Are you a fan of pepitas, those tasty little pumpkin seeds sold in the health food stores? Have you ever wondered why the “pumpkin seeds” they sell in the store look so different from home grown pumpkin seeds? This post will show you how to get the best tasting, freshest pepitas you've ever eaten – ones that you grow yourself. If you want to grow pepitas at home, it all starts with right pumpkin.
File this under “I wish someone would have told me this when I first started gardening”. My mom always raised an assortment of winter squash, as I do, and once in a while we'd save the seeds and toast them. Frankly, I was never a huge fan – way too much roughage – until I discovered – HULLESS PUMPKIN SEEDS!
What's a pepita (hulless pumpkin seed)?
Pepitas or hulless pumpkin seeds come from winter (long season) cucurbits (Cucurbita pepo L. group Pepo, Cucurbitaceae) with seeds that lack a tough outer hull. They are also known as oil seed pumpkins or Styrian pumpkins. These are the pepitas you find in the store (they don't have a magic hulling process). Instead of the hard white seed coating we see in standard “Halloween pumpkins”, these pumpkins have a very delicate skin on the seed that comes off easily. (Note: These may be a great niche market for small scale organic producers. Check out this article “Oil Pumpkins: Niche for Organic Producers” for more information.)
Pepitas are loaded with nutrition. Just 1/4 cup (32.25 grams) provides significant amounts of manganese, tryptophan, magnesium, phosphorus, copper, protein, zinc and iron. The World's Healthiest Foods sites studies that suggest pumpkin seeds may promote prostate health, protect your bones, act as an anti-inflammatory and lower cholesterol.
How can I grow pepitas at home?
There are several varieties of pumpkins that have hulless seeds. They include:
Other varieties are also available – look for the words “hulless”, “naked seed”, “oil seed” or “Styrian” in the description.
Cultivate as you would any other winter squash. They may be direct seeded in rich soil in long season areas. Here in the upper Midwest, I typically start them inside in 2-3 inch pots, two to three weeks before planting out in the garden. Do not plant out until all danger of frost is past, unless you give the plants protection. Try not to disturb the roots too much when transplanting, as rough handling will set the plants back. I like to keep the transplants small to avoid them becoming rootbound, which increases the risk of injury.
If you'd like amazing detailed pumpkin growing instructions, visit The Pumpkin Nook. Harvest in fall before hard frost (too much cold will damage the pumpkins).
For best storage life, wipe off any loose dirt and cure at warm temperatures for about a week (I cure them in my greenhouse) before moving into cool dry storage (50 to 55 degrees Fahrenheit, 60 to 75 percent relative humidity). Stored like this my pumpkins have lasted into March and April the following spring, so I have months of fresh pumpkin seeds on hand.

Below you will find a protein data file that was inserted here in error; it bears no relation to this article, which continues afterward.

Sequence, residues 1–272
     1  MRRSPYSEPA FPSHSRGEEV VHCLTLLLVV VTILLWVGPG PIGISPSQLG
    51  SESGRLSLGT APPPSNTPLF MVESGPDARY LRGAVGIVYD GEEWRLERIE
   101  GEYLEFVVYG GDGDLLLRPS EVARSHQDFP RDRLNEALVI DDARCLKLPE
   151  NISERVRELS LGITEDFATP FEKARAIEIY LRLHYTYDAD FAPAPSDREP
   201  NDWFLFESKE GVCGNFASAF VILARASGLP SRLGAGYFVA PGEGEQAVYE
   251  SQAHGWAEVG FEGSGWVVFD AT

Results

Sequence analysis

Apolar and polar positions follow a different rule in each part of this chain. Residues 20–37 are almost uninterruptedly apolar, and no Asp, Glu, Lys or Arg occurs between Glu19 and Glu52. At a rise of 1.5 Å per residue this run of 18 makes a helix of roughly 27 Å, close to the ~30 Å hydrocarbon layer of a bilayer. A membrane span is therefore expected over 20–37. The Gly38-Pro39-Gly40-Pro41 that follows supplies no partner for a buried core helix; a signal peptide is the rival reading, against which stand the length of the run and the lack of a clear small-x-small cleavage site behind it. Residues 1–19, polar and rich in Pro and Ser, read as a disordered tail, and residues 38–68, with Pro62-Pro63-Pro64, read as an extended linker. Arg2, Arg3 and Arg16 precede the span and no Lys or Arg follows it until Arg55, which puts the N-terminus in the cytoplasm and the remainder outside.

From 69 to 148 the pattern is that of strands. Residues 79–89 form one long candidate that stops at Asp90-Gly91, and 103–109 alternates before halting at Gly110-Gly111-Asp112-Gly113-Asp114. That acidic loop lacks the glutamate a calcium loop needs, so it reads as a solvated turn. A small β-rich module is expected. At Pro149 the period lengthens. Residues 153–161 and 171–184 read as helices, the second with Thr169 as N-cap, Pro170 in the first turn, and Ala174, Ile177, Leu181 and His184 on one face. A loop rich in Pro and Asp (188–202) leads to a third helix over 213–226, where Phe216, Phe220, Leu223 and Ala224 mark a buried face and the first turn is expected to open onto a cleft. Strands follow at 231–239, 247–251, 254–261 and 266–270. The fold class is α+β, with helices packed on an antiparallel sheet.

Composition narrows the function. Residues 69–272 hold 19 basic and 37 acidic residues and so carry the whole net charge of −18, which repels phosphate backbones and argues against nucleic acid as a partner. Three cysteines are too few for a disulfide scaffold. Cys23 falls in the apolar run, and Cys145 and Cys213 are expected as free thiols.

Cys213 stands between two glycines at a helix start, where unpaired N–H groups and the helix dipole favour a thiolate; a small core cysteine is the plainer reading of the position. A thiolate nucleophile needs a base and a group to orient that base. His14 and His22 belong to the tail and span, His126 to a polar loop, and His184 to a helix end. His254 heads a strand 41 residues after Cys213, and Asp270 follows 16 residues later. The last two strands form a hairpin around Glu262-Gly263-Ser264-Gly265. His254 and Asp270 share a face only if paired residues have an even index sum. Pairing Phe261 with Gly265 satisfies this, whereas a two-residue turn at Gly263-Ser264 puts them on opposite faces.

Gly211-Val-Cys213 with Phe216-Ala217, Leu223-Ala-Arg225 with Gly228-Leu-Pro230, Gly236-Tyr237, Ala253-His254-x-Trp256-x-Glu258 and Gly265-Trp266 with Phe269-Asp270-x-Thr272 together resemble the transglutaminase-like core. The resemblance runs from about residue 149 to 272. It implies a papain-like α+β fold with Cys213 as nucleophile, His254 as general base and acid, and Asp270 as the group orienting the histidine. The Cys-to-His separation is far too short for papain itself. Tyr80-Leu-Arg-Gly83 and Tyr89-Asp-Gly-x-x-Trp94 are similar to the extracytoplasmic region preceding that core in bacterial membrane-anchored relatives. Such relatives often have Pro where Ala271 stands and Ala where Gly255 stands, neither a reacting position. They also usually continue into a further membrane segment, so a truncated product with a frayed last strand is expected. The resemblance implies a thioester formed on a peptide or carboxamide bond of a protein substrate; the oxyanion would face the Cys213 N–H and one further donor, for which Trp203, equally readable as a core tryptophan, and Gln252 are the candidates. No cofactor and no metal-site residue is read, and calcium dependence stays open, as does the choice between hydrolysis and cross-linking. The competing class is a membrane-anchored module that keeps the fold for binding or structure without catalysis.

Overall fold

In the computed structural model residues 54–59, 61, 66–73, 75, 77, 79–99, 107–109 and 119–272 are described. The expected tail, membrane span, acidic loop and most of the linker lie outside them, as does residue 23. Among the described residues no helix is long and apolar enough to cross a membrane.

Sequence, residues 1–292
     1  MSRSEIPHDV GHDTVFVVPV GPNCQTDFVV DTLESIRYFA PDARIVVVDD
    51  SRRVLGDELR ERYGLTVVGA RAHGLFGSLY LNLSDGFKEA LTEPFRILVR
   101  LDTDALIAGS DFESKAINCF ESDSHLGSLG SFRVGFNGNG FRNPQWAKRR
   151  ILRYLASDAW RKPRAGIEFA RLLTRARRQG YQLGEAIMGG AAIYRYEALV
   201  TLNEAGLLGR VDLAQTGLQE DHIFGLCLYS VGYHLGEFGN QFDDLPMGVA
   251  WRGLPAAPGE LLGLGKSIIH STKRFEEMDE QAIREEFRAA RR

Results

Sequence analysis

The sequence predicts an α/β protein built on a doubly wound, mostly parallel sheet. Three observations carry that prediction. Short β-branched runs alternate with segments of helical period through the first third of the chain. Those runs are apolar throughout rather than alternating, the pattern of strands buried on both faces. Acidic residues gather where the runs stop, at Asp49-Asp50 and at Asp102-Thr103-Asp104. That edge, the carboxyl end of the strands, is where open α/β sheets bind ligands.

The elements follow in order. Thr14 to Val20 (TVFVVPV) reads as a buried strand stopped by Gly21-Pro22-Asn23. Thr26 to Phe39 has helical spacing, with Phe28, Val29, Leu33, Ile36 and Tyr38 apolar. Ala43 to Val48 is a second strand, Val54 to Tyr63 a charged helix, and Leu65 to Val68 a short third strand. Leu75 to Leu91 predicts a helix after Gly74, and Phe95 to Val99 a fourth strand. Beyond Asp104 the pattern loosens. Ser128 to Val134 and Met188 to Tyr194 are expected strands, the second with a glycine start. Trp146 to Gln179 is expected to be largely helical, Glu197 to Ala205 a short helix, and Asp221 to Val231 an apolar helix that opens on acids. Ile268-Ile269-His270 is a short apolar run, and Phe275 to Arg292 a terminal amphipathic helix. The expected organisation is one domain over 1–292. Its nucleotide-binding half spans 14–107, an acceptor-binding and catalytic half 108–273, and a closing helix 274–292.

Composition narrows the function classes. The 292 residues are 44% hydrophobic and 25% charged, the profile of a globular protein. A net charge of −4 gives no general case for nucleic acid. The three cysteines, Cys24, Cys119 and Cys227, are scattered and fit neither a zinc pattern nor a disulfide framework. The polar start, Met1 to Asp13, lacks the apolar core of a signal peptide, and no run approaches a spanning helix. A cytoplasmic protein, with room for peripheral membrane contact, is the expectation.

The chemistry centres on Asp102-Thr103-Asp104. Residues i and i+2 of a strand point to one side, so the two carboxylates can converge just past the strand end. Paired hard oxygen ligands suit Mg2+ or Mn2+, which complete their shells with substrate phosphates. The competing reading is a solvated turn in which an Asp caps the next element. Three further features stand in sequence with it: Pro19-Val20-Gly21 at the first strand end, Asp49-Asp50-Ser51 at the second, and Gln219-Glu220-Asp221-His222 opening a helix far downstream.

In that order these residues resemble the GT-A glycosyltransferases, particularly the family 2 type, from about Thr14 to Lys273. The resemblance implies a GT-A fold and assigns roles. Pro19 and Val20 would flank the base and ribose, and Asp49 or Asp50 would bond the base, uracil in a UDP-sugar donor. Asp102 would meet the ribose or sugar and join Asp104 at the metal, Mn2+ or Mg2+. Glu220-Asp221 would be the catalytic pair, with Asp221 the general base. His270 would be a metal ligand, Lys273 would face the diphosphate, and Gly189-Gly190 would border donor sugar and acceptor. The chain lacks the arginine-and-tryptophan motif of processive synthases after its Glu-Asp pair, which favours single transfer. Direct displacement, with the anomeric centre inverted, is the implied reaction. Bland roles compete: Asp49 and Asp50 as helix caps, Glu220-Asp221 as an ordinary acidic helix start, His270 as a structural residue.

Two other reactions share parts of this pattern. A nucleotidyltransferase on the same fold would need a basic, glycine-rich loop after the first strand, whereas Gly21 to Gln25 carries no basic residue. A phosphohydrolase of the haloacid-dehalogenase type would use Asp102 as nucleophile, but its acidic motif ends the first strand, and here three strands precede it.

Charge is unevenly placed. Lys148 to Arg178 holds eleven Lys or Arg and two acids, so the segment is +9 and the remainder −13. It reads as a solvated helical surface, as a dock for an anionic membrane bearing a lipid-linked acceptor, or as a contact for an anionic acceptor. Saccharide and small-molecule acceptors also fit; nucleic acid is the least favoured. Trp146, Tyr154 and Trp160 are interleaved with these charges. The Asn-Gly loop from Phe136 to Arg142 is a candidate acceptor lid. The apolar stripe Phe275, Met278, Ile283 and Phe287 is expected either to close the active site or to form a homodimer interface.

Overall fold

How do I prepare pepitas?
You can either roast or dehydrate your seeds to enhance their munchability. Either way, you first need to hack open the pumpkin and dig out the seedy goodness. Rinse off any fleshy pumpkin goobers. To increase digestibility (via Nourishing Traditions), soak in salted water at least seven hours or overnight. Drain and pat dry.
Note: You can also use these techniques to improve the flavor of raw commercial pepitas, which tend to be rather bland.
To Roast Pepitas
At this point you may either roast at low heat (under 150°F to preserve maximum nutrient value, no warmer than 250°F) or dehydrate. To oven roast, drizzle lightly with olive oil or sesame oil and toss with seasonings or additional salt, if desired. Toast until crispy, mixing every 15 minutes to half hour. At 250°F it'll take around 45 minutes to an hour to get them crispy, at 150°F it'll take 8 to 12 hours. These should keep for a week or two in a tightly sealed container.
To Dehydrate Pepitas
To dehydrate, toss seeds with a bit more salt or seasoning, if desired, and dry at less than 150°F until crispy, 8-12 hours. (Don't add extra oil.) Mix every hour or so. Once dry and crispy, store in a tightly sealed container. (Wide mouth mason jars work great.) The seeds at the top of the post were dehydrated with no extra salt.
Warning – These pepitas may be addictive! Personally, I have a hard keeping them in storage once they're prepared, as they are so tasty! Like most things you grow at home, they seem to me to be just a little fresher and brighter in flavor than their store bought counterparts. You can get quite a few fruits from a hill of pumpkins, but each pumpkin will yield less than a cup of seeds, which is why pepitas are so pricey in the store.
The only down side with the oil seed pumpkins is that the flesh isn't particularly tasty. It tends to be stringy and bland. For most pumpkin recipes, I prefer to use winter squash, as the flesh is denser, smoother and sweeter. If you want to use the flesh, I suggest using it similarly to large zucchini, as a filler rather than a primary flavor. Chickens love it, too. 😉
If you've enjoyed this post, please share the pepita love. 😉
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Originally published in 2012, updated in 2016.